XHRA Hiccups — the SPI Flash Fiasco

What was supposed to be a turn-key solution turned into a prolonged attrition debugging warfare lasting well beyond 2 PCB turnarounds, just to make this thing $profanity-ing boot and enumerate! And each time, the culprit turned out to be that innocent-looking, friendly-packaged, 8-pin SOIC Quad SPI Flash.

Quick TL;DR:

  • There is a whitelist for SPI Flash ID bytes.
  • The “correct” SPI flash does not have built-in HOLD# pull-up resistor.
  • SPI clock runs at 2.4 MHz at first, but eventually switches to 100/6 = 16.667 MHz .
  • The “nibble ordering” mention in the datasheet is misleading.
  • $profanity Bus Pirate.

Apparently, being “pin and instruction compatible” is not good enough — there is a whitelist for IDs. If the wrong ID is returned, the chip drops dead. There is one vague mention of this on the datasheet, and I only realized its true meaning after I dug into a logic analyzer capture run and actually inspected the SPI transfers. Turned out that right before the chip fell silent, it had repeatedly sent command 0x9F over SPI — “read chip ID”. D’oh!

The reason I didn’t look at the logic analyzer output? 16 MHz is too fast for my old good Saleae Logic 16 streaming 6 channels at its max 50 MHz sample rate (because Nyquist). Miscaptures were frequent, but I was lucky that run.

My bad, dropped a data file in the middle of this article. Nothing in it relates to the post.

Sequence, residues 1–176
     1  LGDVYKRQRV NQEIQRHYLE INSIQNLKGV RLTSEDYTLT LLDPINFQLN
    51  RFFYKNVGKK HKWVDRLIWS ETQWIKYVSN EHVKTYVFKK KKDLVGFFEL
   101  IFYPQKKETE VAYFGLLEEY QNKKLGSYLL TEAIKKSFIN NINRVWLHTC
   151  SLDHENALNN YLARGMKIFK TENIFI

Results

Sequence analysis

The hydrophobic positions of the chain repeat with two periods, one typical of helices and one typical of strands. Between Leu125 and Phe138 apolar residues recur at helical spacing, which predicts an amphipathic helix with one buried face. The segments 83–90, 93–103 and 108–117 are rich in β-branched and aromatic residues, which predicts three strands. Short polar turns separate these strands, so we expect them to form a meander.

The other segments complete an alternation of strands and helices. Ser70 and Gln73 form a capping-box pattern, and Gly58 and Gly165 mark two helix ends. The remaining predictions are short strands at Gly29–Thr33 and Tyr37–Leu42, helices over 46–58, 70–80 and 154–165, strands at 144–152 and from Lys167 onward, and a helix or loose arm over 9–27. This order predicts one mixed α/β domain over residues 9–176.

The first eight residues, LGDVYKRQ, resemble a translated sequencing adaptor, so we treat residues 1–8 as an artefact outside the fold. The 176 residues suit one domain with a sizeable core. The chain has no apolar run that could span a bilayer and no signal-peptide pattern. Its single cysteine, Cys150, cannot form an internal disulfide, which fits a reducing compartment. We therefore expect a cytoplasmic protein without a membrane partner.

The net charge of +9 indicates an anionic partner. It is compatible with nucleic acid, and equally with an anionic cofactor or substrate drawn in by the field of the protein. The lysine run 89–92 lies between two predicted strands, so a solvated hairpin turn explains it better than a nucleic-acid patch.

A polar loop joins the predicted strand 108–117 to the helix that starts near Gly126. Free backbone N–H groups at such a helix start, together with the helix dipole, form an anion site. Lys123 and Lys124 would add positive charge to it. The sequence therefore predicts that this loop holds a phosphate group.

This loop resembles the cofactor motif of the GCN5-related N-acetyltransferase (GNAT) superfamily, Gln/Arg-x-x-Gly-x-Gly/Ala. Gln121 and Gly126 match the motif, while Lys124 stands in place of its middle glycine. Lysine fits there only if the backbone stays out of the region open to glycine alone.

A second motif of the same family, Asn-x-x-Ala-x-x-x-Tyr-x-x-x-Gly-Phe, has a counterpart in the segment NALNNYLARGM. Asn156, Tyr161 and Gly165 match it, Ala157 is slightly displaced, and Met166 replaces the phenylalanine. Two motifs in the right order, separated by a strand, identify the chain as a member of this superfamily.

Then there is another misleading information from the datasheet stating that the SPI flash needs to store the least significant nibble (4 bits) of a byte (8 bits) first, which sounds as if before programming we need to manually swap the nibbles for all the bytes… Turns out you don’t have to do anything other than following the datasheet, which clearly transfers MSnibble before the LSnibble on the 4-bit SPI bus. D’oh!

I once wrote a blog post on SPI flash programming using Bus Pirate — and of course I was trying to program this. Eventually I figured out that Bus Pirate is too unreliable (on top of slow) for flash programming, so I bought a dirt cheap dedicated flash programmer on Aliexpress (again), which of course is based on STM32F1, as most things coming from China do these days[citation needed]. Never felt so good about being a native Chinese speaker when I clicked through that Windows 98-inspired GUI in GBK-encoded Simplified Chinese, like a boss™.

Note that blank SPI flash chips usually come with 4-bit (quad) SPI disabled, and requires a manual write to a status register to enable it. Since this flash programmer does not do this for me, till this day I still perform this ceremony using my Bus Pirate.

BONUS: The configuration bytes / firmware image generator of XHRA, downloadable from the reference design page, takes as input a config file with .cfg extension. Public service time: It is a Python script. Have fun.

End of Rant

And here’s the minimal system board on OSHPark, and here is the raw BOM full of placeholders. {X60 = 24.576 MHz, X61 = 22.5792 MHz} can be any pin 1 active high enable, 3.2 × 2.5 mm SMD XO.

Making Myself a USB DAC + Headphone Amp — Interim Update

It’s been a while since I last wrote *ahem* lies *cough* on this project. I am currently a little bit torn whether I should keep writing it here or start posting to my new presence… Anyway here is a brief update:


I now have a working standalone unit — USB in, headphone out — although it looks like this:

enter image description here